The following article is part of conference coverage from the 2017 American Urological Association meeting in Boston. Renal and Urology News’ staff will be reporting live on medical studies conducted by urologists and other specialists who are tops in their field in kidney stones, prostate cancer, kidney cancer, bladder cancer, enlarged prostate, and more. Check back for the latest news from AUA 2017. 

BOSTON—Sleep problems are associated with an elevated the risk of benign prostatic hyperplasia (BPH) development and progression, researchers reported at the American Urological Association 2017 annual meeting.

The findings, by Brandee Branche, MD, of Duke University in Durham, North Carolina, and colleagues, are from an analysis of data from 2588 men who participated in the placebo arm of the 4-year REDUCE (Reduction by Dutasteride of Prostate Cancer Events) trial. At baseline, the patients were not taking alpha blockers or 5-alpha reductase inhibitors and all of them completed the Medical Outcomes Study Sleep Scale (MOSSS-6) questionnaire, a 6-item scale that assesses sleep and is score 1-100. Men were followed up for 4 years. Investigators obtained the International Prostate Symptom Score (IPSS) at baseline and every 6 months.

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For men without symptomatic BPH at baseline (IPSS less than 8), the investigators defined BPH development as 2 values of IPSS greater than 14. In men with symptomatic BPH at baseline, (IPSS 8 or higher), BPH symptom progression was defined as a 4 or greater increase IPSS increase from baseline, any surgical procedure for BPH, or the start of a drug to treat BPH.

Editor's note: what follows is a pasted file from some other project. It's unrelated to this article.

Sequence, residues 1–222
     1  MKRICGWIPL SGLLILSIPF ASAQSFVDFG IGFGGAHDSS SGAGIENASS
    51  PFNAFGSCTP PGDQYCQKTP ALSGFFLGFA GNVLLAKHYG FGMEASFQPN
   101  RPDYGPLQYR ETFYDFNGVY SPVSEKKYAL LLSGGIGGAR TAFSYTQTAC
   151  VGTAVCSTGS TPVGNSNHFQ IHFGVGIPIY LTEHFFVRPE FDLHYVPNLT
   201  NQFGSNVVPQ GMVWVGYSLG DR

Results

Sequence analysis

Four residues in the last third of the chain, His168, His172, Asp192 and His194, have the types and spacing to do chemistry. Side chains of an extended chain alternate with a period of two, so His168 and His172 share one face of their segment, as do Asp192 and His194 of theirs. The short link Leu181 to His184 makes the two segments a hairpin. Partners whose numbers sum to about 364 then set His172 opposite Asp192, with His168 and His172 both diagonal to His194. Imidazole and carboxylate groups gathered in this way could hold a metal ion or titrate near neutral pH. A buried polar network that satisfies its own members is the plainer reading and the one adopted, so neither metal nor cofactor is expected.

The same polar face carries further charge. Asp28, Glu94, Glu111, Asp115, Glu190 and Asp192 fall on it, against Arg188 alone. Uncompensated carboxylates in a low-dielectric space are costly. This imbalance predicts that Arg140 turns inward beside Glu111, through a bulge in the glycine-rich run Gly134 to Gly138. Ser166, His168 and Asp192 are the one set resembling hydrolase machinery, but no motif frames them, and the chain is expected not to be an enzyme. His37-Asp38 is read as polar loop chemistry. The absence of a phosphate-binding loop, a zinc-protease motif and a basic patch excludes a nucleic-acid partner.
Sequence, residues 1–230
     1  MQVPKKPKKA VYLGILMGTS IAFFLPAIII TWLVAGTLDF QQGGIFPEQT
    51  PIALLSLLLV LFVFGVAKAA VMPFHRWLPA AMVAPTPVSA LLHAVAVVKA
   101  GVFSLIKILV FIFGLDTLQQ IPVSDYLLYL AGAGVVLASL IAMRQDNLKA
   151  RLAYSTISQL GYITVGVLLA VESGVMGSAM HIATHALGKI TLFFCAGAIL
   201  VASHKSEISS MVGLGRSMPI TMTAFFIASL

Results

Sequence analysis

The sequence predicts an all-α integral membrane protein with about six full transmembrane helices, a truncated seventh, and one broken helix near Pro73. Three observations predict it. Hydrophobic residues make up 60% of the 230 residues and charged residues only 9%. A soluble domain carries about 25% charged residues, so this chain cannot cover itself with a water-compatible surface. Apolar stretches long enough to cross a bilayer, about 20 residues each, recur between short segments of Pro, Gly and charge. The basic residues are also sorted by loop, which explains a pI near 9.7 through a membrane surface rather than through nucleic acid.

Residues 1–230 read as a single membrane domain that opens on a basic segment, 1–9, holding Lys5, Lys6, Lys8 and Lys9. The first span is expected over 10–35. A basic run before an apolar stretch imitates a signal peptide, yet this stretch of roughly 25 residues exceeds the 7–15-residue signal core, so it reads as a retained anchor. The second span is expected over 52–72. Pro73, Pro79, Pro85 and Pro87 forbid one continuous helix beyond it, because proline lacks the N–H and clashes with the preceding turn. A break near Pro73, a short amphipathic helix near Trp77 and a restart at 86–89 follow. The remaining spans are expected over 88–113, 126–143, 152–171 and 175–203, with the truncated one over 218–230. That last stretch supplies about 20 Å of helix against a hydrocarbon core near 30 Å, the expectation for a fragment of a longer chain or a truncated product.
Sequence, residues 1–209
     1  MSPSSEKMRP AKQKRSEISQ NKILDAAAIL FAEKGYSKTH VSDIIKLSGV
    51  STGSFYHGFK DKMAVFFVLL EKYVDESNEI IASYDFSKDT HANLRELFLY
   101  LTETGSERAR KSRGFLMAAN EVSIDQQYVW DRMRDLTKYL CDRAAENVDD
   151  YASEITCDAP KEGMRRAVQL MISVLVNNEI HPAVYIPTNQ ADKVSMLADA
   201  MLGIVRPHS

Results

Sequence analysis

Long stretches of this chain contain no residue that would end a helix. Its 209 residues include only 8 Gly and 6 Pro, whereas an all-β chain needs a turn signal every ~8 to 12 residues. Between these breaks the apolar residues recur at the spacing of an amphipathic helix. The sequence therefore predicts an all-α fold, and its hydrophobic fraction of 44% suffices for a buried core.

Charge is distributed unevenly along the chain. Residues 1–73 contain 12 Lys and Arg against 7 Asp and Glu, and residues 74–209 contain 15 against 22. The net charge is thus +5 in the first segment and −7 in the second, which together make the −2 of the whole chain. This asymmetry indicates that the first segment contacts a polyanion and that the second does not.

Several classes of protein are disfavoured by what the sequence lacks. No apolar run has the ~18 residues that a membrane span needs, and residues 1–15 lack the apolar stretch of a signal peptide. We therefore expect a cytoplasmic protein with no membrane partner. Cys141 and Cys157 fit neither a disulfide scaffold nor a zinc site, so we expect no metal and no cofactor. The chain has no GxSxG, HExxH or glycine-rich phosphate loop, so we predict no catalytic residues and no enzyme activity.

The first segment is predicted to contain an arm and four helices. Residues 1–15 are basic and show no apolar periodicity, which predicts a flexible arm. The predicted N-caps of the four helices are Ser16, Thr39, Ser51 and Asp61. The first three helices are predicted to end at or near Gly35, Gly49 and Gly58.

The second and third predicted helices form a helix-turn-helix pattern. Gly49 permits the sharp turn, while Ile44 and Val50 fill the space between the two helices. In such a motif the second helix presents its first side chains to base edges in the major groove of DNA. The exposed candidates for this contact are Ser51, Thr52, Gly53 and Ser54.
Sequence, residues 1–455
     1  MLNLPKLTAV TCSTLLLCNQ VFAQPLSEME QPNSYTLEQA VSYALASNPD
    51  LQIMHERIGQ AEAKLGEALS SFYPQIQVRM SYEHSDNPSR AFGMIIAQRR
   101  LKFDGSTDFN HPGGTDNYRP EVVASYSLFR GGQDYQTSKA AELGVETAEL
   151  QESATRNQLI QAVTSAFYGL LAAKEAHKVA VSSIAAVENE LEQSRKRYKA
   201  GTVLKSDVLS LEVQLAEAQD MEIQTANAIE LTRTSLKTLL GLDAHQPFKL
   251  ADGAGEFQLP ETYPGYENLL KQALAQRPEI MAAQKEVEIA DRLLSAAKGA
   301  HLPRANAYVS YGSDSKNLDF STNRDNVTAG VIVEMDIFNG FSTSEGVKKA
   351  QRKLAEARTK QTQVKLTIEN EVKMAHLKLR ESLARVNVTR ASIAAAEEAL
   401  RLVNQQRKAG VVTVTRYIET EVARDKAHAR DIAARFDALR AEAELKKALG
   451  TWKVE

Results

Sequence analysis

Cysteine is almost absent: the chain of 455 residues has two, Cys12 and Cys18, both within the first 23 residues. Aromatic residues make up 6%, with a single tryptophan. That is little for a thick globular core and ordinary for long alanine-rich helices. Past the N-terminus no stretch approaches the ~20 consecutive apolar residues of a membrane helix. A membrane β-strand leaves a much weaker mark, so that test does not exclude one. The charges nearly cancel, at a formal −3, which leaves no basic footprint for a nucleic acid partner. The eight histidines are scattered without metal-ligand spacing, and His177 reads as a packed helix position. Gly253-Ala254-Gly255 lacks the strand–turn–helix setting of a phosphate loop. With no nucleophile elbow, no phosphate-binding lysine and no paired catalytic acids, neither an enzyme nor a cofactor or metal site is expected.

During follow-up, BPH developed in 209 (14%) of 1452 men without BPH at baseline and 527 (46%) of 1136 men with BPH at baseline experienced BPH progression. On multivariate analysis, higher MOSSS-6 scores among men without BPH at baseline were associated with a significant 28% increased risk of BPH development. Among men with BPH at baseline, higher MOSSS-6 scores were associated with a significant 23% increased risk of BPH progression, Dr Branche and colleagues reported.

“As it is often inferred that BPH leads to sleep problems, the fact that sleep problems in asymptomatic men predict BPH development suggest BPH symptoms may be a manifestation of sleep problems rather than the reverse,” Dr Branche and colleagues reported. “Whether treating sleep problems improves BPH symptoms needs to be tested.”

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Branche B, Howard L, Moreira D, et al. Sleeping problems area associated with increased risk of BPH progression: Results from REDUCE [abstract]. J Urol 2017;197:e102. Poster presented at the American Urological Association 2017 annual meeting in Boston on May 12, 2017. MP09-08.